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Tulsa-based Argonaut Private Equity completes sale of pipeline contractor in Northeast-Appalachian region | Business News

Tulsa-based Argonaut Private Equity has announced it has completed the sale of Otis Eastern Service, a leading contractor of pipelines for midstream and utility companies, to Artera Services, headquartered in Atlanta.

Located in Wellsville, New York, Otis Eastern was founded in 1936 and acquired by the Joyce family in 1981. During the next 33 years, the Joyce family grew Otis Eastern into a best-in-class pipeline contractor throughout the Northeast and Appalachian regions.

In 2014, Argonaut partnered with the Joyce family to facilitate succession planning and expand the management team and back office operations, which were designed to enable the company to efficiently scale to meet growing market demand. This transformation included the promotion of Casey Joyce to president and CEO, becoming the third-generation member of the Joyce family to lead the company.

“The success of Argonaut’s partnership with Otis Eastern speaks to our core focus of working alongside founder and family-owned businesses,” Argonaut CEO Steve Mitchell said in a statement. “We understand the dynamics of closely held companies and the importance of building upon the core foundation of a business. We serve as a strategic partner to management teams to unlock the next phase of growth in a company’s life cycle.”

Founded in 2002, Argonaut is a private equity firm that manages investments across multiple asset classes with $3 billion of capital deployed in direct investments in key industry sectors that include energy services, manufacturing and industrials.

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Capital Region nursing homes fined $32K for COVID-19 violations

Three Capital Region nursing homes have been fined by the state Department of Health for infection control and other lapses during the coronavirus pandemic, state health records show.

The Grand Rehabilitation and Nursing at Barnwell in Columbia County received one of the largest fines statewide at $22,000 for multiple violations that had “potential to cause more than minimal harm,” according to inspection reports. Violations centered around inadequate or improper use of personal protective equipment, failure to clean hands, improper groupings of suspected COVID-19 patients, and failure to notify residents of positive cases or deaths.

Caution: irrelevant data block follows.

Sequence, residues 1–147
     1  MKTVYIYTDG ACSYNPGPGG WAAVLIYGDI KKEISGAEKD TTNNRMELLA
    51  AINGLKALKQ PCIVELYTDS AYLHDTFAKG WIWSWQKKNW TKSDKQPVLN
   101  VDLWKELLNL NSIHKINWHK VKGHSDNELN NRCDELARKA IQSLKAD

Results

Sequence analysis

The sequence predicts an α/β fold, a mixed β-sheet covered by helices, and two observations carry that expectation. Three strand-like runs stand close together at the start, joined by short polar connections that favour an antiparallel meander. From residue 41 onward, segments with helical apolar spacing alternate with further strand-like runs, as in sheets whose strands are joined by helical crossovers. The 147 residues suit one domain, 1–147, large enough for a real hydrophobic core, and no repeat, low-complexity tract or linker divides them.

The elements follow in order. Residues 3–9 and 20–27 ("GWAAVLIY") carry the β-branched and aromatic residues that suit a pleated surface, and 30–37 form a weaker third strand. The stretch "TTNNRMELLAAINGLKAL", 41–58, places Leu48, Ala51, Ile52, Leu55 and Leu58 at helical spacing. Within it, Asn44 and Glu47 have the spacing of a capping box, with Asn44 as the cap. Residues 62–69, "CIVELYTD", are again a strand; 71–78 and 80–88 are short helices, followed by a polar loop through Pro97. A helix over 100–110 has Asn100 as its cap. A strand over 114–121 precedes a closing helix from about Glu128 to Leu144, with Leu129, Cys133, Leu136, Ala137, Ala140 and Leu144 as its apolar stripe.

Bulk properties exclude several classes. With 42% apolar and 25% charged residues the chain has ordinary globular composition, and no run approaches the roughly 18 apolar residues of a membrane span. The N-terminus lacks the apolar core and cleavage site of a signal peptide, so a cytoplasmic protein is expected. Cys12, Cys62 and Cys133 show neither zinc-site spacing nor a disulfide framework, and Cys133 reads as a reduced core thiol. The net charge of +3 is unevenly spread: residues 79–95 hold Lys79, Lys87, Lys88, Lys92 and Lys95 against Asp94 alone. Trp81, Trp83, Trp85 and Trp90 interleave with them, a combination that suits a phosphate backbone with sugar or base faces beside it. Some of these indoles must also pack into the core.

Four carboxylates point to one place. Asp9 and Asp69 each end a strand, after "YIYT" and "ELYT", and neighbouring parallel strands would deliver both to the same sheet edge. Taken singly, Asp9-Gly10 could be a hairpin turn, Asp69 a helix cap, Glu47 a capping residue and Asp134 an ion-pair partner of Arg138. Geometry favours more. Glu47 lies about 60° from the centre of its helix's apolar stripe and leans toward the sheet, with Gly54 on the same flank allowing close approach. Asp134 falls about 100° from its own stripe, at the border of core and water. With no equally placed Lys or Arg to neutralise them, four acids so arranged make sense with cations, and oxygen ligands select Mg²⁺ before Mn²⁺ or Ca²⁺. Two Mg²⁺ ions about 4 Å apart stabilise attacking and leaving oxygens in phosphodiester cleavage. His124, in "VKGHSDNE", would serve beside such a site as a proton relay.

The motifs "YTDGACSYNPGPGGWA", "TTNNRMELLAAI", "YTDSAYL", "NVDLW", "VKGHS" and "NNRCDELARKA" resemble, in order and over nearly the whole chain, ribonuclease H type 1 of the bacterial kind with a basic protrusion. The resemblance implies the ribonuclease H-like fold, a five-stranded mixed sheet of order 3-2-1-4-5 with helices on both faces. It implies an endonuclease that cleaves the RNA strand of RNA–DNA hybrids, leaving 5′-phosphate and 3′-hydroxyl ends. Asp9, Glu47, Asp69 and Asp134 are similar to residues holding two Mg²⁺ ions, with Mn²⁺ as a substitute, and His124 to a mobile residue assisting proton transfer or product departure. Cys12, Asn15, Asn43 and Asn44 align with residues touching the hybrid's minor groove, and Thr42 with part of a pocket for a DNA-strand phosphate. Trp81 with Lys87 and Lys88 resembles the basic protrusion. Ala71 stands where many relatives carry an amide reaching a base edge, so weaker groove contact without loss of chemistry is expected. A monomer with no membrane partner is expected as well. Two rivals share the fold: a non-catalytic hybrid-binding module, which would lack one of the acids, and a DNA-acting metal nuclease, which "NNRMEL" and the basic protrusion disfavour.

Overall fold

Two other facilities in the region — the Glens Falls Center for Rehabilitation and Nursing in Queensbury and Eddy Memorial Geriatric Center in Troy — received smaller fines of $6,000 and $4,000, respectively, for violations related to PPE use, hand hygiene and disinfection protocols.

Both Barnwell and the Glens Falls Center have experienced the region’s deadliest known coronavirus outbreaks with at least 20 resident deaths in each facility. The Eddy center in Troy has lost at least three residents to the virus.

The state Department of Health has conducted 1,908 on-site inspections (1,165 at nursing homes and 743 at adult care facilities) since the pandemic’s March arrival in New York to ensure facilities are following proper infection prevention and control protocol, spokeswoman Jill Montag said. It has issued 95 citations to 77 nursing homes and levied $328,000 in fines against 23 facilities as a result.

“This only represents a portion of the total number of cases for which we are actively pursuing fines,” Montag said. “The department will continue to hold providers who violate regulations accountable for their actions.”

Barnwell

State health inspectors cited the Barnwell nursing home, a 236-bed facility located in the village of Valatie, for a number of regulatory violations that were allegedly

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